Josh Lachkovic

Kanye West & The Life of Pablo

When the Larry Heard sample drops in Fade, I went a bit giddy. I had never imagined an acid bassline, which I had previously only heard in darkened clubs, as the perfect beat for hiphop. This moment of delight with sampling, is where Kanye West eats.

When I got into Kanye West at 15 or 16, I had a very white (indie)rock background. I slated electronic music, most hiphop, and anything that wasn’t real music. (I.e. guitar music).

Kanye on The College Dropout and Late Registration introduced me to soul and funk. Before those records, I didn’t listen to Curtis Mayfield or Al Green. I hadn’t heard of Teddy Pendergrass or Luther Vandross. I didn’t really know who Aaliyah was.

RnB, soul, gospel, jazz, funk, and this entire history of black music were suddenly introduced to me in an incredibly powerful way. Kanye was the perfect musical history teacher. And the tunes were catchy. They weren’t gangster rap. The lyrics seemed more clever than what I had expected from rap. There was a depth. And the guy wore a polo.

But it wasn’t that there was some slight surprise in the way he arranged lyrics or the chothes he wore. It’s that I saw something in how he produced music. His depth of his knowledge as a music nerd was clear. And I was a music nerd too.

I grew up in rural Cambrideshire. I went to school in rural Lincolnshire. There, race was entirely conceptual, but Kanye made it easy to enter this world in a tangible way. His life and background were so far detached from mine. Yet as one music nerd hearing another, I trusted my lesson implicitly.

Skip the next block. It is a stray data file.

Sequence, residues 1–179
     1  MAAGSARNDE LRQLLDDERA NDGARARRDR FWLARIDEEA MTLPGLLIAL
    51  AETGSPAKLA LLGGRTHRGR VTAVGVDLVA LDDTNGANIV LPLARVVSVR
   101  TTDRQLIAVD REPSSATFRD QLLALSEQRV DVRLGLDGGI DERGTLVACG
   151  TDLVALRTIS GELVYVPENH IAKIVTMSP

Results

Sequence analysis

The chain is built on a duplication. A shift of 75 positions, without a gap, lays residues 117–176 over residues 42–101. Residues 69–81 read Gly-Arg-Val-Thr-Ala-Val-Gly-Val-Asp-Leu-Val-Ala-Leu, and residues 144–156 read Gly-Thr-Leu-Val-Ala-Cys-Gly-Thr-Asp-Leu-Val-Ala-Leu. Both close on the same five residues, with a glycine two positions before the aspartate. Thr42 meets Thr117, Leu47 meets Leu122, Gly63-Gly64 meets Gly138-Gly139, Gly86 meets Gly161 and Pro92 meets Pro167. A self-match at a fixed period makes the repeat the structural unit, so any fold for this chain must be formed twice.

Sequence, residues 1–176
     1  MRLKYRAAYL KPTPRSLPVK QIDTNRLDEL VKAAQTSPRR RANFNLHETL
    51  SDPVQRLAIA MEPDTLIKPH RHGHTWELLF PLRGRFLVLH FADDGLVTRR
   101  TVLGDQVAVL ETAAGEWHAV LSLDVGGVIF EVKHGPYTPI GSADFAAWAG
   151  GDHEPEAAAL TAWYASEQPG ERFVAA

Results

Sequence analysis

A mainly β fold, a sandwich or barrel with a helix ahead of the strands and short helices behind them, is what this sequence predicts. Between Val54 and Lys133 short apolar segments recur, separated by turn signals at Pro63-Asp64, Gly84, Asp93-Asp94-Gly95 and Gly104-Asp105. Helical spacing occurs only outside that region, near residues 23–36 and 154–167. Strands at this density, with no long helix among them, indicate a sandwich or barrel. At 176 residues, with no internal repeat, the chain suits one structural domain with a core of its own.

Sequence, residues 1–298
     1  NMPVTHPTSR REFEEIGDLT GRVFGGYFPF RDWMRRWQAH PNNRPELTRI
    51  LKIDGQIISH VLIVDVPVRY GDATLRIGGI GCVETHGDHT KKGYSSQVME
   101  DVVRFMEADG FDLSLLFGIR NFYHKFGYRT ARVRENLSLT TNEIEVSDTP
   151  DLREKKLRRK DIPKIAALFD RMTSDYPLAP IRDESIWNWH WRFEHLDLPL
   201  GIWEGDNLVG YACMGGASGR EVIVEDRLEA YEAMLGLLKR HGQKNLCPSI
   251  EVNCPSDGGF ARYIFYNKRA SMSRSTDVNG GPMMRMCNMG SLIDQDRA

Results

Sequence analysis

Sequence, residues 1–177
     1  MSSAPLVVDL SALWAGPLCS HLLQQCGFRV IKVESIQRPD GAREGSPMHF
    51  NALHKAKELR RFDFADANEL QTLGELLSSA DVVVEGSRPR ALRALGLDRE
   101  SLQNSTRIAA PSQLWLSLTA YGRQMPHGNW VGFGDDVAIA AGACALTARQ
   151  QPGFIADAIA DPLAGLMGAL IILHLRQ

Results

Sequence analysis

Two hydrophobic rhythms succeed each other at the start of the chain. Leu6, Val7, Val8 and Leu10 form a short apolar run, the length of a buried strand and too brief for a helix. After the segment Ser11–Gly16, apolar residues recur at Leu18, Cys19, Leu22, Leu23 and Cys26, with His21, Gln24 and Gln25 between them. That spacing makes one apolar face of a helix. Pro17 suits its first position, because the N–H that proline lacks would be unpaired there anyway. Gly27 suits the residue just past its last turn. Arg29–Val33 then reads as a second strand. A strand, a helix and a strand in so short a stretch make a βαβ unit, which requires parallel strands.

Twelve years later, my cultural horizons have fortunately expanded. Yet each Kanye release that has come out, has been a new exploration of sounds and styles brought together in a beautiful way. The other great release of 2016 so far: Moodymann’s DJ Kicks does the exact same thing.

I’ve realised with TLOP that that love for Kanye is the same reason I love my favourite DJs. I want to discover music and find new ways of hearing things.

When I hear the Arthur Russell sample on 30 Hours, I am as taken aback as when I first heard Stevie Wonder’s As in a club. It blurred cultural understandings of music. That Fade sample works for the exact same reason.

The exuberant sampling of Sister Nancy’s Bam Bam made me search for the original. Hearing the new discovery, I couldn’t have imagined such a brilliant rework. Pitchfork described it as a dancehall remix of Pachabel’s Canon, which isn’t far off point.

The use of Father Children’s Dirt and Grime as the bookmarks on the otherwise weaker Facts is used to direct mood. He’s DJing. He’s cratedigging. And throughout his back catalogue, this is where he really nails it.

So if that is Kanye as a DJ, who is he as an MC?

I can’t listen to Father Stretch My Hands because that bleached asshole line is so bad. The Taylor line on Famous feels callous and unnecessary — especially as she’s the other greatest popstar in the world. (As an aside, I wouldn’t be suprised if this feud has been entirely predetermined as it is).